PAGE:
John Blitzer

John Blitzer

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    Preview abstract Many latent (factorized) models have been proposed for recommendation tasks like collaborative filtering and for ranking tasks like document or image retrieval and annotation. Common to all those methods is that during inference the items are scored independently by their similarity to the query in the latent embedding space. The structure of the ranked list (i.e. considering the set of items returned as a whole) is not taken into account. This can be a problem because the set of top predictions can be either too diverse (contain results that contradict each other) or are not diverse enough. In this paper we introduce a method for learning latent structured rankings that improves over existing methods by providing the right blend of predictions at the top of the ranked list. Particular emphasis is put on making this method scalable. Empirical results on large scale image annotation and music recommendation tasks show improvements over existing approaches. View details
    Domain Adaptation with Coupled Subspaces
    Sham Kakade
    Dean Foster
    Artificial Intelligence and Statistics(2011)
    Preview abstract Domain adaptation algorithms address a key issue in applied machine learning: How can we train a system under a source distribution but achieve high performance under a different target distribution? We tackle this question for divergent distributions where crucial predictive target features may not even have support under the source distribution. In this setting, the key intuition is that that if we can link target-specific features to source features, we can learn effectively using only source labeled data. We formalize this intuition, as well as the assumptions under which such coupled learning is possible. This allows us to give finite sample target error bounds (using only source training data) and an algorithm which performs at the state-of-the-art on two natural language processing adaptation tasks which are characterized by novel target features. View details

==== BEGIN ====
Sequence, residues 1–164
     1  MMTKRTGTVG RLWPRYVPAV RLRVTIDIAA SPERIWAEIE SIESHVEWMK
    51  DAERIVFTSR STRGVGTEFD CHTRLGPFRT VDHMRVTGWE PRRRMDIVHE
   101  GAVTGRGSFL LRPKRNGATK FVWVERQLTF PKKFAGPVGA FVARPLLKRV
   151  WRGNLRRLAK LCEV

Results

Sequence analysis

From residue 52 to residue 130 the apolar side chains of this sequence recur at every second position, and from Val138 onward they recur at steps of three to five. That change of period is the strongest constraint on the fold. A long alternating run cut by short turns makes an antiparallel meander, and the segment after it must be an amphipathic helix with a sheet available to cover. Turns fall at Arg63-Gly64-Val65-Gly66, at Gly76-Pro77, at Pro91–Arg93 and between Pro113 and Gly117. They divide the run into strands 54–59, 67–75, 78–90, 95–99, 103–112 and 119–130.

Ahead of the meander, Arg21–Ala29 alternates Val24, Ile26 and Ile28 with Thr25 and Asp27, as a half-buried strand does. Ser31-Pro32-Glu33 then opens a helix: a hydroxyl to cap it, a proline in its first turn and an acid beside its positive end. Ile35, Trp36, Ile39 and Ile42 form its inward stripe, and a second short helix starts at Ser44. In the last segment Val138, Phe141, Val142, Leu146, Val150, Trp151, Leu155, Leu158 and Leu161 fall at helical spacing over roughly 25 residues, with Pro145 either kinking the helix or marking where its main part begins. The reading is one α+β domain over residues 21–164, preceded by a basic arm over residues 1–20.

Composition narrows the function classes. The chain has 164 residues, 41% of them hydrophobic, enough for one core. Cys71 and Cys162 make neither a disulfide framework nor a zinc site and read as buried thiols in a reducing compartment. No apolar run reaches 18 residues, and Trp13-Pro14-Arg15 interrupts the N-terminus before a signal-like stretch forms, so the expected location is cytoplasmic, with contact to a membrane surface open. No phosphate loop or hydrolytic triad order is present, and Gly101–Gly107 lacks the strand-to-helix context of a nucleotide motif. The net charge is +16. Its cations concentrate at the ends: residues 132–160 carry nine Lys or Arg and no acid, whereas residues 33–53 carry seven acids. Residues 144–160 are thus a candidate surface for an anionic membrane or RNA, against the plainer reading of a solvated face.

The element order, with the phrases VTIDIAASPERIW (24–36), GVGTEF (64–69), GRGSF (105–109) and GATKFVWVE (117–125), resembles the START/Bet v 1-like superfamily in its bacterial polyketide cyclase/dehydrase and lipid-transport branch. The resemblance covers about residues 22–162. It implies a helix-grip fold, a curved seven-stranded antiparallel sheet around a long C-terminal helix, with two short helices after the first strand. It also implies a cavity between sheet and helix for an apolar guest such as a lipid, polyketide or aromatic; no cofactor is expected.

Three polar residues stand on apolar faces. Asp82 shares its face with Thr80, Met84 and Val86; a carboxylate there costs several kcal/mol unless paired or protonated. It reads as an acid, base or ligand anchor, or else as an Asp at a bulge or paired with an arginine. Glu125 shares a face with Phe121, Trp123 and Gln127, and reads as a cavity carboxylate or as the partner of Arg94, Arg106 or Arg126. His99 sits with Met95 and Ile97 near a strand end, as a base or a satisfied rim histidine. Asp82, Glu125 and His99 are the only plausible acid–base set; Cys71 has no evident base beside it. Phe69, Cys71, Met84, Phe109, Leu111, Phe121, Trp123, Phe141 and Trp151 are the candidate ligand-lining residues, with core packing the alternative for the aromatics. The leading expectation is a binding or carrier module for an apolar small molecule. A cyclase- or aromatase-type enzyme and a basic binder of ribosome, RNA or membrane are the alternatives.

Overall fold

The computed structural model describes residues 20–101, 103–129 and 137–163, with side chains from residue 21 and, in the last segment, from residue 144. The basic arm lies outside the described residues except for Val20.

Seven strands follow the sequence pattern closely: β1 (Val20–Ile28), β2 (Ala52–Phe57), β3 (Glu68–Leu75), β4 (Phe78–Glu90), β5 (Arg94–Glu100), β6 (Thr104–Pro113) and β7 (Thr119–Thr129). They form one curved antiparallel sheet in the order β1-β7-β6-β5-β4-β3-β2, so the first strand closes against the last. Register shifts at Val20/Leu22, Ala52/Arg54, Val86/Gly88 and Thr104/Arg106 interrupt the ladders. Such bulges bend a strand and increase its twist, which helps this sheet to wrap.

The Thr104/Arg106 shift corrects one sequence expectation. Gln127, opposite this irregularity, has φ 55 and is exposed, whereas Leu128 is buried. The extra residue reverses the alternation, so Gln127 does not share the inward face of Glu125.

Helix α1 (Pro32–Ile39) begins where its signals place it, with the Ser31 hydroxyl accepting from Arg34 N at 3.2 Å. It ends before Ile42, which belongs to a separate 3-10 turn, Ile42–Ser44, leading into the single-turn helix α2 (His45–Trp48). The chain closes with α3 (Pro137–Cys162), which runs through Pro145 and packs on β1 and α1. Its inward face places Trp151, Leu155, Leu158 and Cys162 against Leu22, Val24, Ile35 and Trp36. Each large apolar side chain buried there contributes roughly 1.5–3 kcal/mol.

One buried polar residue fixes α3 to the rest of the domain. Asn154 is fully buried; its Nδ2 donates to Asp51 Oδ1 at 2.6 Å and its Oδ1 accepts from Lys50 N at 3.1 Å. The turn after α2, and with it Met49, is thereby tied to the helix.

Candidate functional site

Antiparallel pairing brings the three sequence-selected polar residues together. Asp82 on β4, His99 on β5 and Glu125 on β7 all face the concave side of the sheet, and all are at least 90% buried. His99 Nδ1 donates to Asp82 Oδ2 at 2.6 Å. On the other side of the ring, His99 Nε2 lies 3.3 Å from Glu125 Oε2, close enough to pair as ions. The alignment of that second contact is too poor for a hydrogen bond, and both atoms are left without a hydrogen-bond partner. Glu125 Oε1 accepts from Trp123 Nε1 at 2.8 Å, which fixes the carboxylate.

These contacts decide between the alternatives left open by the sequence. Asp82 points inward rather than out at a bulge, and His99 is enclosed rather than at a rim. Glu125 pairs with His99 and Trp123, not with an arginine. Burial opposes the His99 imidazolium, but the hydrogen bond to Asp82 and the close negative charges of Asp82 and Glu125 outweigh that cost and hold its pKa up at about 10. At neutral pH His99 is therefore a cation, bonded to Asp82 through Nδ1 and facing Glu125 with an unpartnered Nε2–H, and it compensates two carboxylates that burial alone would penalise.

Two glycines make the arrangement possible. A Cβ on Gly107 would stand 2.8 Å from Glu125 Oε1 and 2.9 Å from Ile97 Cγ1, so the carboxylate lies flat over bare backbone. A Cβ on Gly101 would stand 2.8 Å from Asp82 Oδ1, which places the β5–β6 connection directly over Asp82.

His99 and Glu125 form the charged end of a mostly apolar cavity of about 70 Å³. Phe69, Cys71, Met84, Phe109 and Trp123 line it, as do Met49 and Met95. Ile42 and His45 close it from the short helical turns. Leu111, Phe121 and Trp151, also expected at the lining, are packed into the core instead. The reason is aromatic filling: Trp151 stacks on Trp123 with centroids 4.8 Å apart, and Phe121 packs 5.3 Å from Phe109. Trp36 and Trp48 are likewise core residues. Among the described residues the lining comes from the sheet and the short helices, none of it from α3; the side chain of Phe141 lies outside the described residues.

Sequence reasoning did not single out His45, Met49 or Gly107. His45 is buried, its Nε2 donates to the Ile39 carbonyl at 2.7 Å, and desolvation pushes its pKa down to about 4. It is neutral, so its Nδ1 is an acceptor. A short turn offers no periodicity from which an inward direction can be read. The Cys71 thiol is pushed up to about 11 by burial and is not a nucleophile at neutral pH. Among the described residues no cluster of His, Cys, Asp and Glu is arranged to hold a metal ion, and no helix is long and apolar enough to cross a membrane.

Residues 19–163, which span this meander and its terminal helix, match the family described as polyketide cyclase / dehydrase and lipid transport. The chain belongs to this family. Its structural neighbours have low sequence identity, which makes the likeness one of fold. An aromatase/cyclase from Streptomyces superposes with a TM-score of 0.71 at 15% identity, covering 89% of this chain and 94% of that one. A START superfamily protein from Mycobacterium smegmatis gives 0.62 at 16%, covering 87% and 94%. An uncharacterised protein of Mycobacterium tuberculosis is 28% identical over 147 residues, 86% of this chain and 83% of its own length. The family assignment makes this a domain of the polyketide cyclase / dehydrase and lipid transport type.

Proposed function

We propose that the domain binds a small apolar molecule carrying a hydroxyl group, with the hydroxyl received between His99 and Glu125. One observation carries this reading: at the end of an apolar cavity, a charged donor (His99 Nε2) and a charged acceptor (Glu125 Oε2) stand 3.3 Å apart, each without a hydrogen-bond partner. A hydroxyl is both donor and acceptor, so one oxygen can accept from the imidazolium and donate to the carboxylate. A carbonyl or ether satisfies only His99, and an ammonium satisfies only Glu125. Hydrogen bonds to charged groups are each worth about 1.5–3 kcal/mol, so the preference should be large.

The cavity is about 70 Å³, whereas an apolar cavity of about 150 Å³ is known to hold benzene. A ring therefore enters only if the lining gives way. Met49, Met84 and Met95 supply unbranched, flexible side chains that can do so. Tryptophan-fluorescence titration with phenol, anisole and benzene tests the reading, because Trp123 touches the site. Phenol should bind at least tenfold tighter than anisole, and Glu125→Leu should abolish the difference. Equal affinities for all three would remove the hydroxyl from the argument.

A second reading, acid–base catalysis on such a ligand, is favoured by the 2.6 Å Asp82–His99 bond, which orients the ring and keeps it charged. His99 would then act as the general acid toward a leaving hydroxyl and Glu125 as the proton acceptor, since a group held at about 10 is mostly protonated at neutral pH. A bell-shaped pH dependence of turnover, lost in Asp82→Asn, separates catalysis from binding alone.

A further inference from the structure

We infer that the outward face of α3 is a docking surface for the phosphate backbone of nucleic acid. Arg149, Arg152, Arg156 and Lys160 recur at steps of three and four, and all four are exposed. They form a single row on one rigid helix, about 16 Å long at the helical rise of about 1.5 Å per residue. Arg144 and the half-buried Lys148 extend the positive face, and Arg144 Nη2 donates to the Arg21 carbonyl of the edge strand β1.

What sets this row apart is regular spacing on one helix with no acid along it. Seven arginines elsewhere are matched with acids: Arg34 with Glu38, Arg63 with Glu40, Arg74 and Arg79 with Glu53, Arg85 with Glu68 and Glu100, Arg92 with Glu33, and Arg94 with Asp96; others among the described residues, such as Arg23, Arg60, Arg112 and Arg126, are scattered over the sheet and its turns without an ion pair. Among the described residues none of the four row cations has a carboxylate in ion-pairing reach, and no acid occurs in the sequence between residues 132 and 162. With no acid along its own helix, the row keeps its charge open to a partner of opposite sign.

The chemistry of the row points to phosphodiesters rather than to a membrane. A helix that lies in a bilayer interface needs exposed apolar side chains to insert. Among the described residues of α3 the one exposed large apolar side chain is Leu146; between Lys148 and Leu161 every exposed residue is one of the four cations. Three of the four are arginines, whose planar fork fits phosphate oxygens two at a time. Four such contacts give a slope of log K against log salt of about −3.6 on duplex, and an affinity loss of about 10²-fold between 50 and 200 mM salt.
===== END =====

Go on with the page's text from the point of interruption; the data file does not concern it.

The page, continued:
Learning Better Monolingual Models with Unannotated Bilingual Text
    David Burkett
    Slav Petrov
    Dan Klein
    Fourteenth Conference on Computational Natural Language Learning (CoNLL '10)(2010)
    Preview
    A theory of learning from different domains
    Shai Ben-David
    Koby Crammer
    Alex Kulesza
    Jennifer Vaughan
    Machine Learning, 79(2010), pp. 151-175
    Preview abstract Discriminative learning methods for classification perform well when training and test data are drawn from the same distribution. Often, however, we have plentiful labeled training data from a source domain but wish to learn a classifier which performs well on a target domain with a different distribution and little or no labeled training data. In this work we investigate two questions. First, under what conditions can a classifier trained from source data be expected to perform well on target data? Second, given a small amount of labeled target data, how should we combine it during training with the large amount of labeled source data to achieve the lowest target error at test time? We address the first question by bounding a classifier's target error in terms of its source error and the divergence between the two domains. We give a classifier-induced divergence measure that can be estimated from finite, unlabeled samples from the domains. Under the assumption that there exists some hypothesis that performs well in both domains, we show that this quantity together with the empirical source error characterize the target error of a source-trained classifier. We answer the second question by bounding the target error of a model which minimizes a convex combination of the empirical source and target errors. Previous theoretical work has considered minimizing just the source error, just the target error, or weighting instances from the two domains equally. We show how to choose the optimal combination of source and target error as a function of the divergence, the sample sizes of both domains, and the complexity of the hypothesis class. The resulting bound generalizes the previously studied cases and is always at least as tight as a bound which considers minimizing only the target error or an equal weighting of source and target errors. View details